Since Russia attacked Ukraine in February of last year, NATO (North Atlantic Treaty Organization) has unflinchingly condemned Russia and many member countries have supplied Ukraine with humanitarian aid, money, weapons, artillery, and defense systems. This support has undoubtedly helped Ukraine fight longer than many countries anticipated – especially Russia.
NATO has been walking a delicate tightrope of providing help to Ukraine without crossing over an unclear redline that spur Putin to use a nuclear weapon. Has NATO been successful in its armament and political support efforts so far?
NATO’s Creation and Purpose
NATO was formed in 1949 by 12 countries, including the United States, the United Kingdom, and Canada, with the goal of defying Russian expansion after World War II. When the Soviet Union collapsed in 1991, many Eastern European countries, previous Russian allies, were allowed to become NATO members. Today, there are 30 NATO countries.
Ukraine’s Struggle Toward NATO Membership
In 2008, Ukraine applied for membership and received the response that it could one day become a member. The main reason cited was that NATO rules dictate that if one NATO country is attacked, all the others must come to that country’s defense. NATO did not want to take that risk with Ukraine.
NATO did, however, grant Ukraine the status of NATO “partner,” which is why countries have been bolstering Ukraine during the war with nearly everything short of planes and troops.
At the end of September 2022, following Putin’s annexation of four Ukrainian provinces, President Zelenskiy announced that Ukraine was applying for fast-tracked approval for NATO membership. He argued that Ukraine was a de facto member of NATO anyway and should be accepted.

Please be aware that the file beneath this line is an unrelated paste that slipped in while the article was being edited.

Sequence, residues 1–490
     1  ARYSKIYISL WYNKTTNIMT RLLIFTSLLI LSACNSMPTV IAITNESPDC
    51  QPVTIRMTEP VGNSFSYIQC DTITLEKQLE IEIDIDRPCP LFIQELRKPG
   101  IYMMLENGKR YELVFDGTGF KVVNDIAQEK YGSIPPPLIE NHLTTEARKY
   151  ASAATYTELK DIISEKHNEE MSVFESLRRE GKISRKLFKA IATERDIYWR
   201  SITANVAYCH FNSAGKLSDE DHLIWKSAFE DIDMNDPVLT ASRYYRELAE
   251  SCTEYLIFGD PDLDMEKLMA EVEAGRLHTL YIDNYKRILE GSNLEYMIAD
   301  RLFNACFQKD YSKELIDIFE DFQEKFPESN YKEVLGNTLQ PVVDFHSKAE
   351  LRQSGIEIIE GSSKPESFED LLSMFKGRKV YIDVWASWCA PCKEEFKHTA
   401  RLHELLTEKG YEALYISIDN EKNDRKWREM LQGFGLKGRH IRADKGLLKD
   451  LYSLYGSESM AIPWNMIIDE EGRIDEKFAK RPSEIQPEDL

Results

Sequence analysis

NATO members, however, saw things differently, and Ukraine received the same answer it received for more than a decade: membership is possible, but not at this point.
Even the United States, despite President Biden’s recent solidarity visit to Ukraine, is not rushing to approve Kyiv’s membership. The primary reason is the same: accepting Ukraine means the U.S. and other NATO countries must commit to go to war against Russia, which could effectively launch World War III.
Therefore, NATO is supporting Ukraine in every way it can, short of allowing membership.
Sweden and Finland: New NATO Members?
After Russia invaded Ukraine, Sweden and Finland asked to join NATO, a significant move for two countries that had previously preferred to remain neutral. The war, however, spurred them to action.
All 30 NATO countries need to agree to allow new member countries in. As of now, all except Turkey and Hungary have approved. While Hungary has not declared a reason for its delay, Turkey claims that Sweden is harboring Turkish terrorists and refusing to extradite them. Additionally, in January Swedish protestors burned a Koran and hanged Turkish President Erdogan in effigy.
Talks are scheduled to resume in early March, but Turkey says that Sweden still has a long way to go before it can gain its approval. As for Finland, there’s a possibility that it may get approved without Sweden. Even though Sweden and Finland have been close allies, Turkey’s main objection is with Sweden.
Russia vs. NATO
In the recent Presidential Address to the Federal Assembly, Putin spoke for nearly two hours about Russia’s strength and the NATO/United States enemy. He said that NATO caused the war against Ukraine with its continued expansion throughout Europe since the Cold War.
NATO, on the other hand, is concerned that Russia might start buying weapons from China, which would effectively position the two superpowers against NATO in a massive East vs. West conflict. With nuclear power on the table, that’s a situation that NATO certainly wants to avoid. For now, NATO continues to walk the tightrope of bolstering Ukraine while minimizing Putin’s ire as much as possible.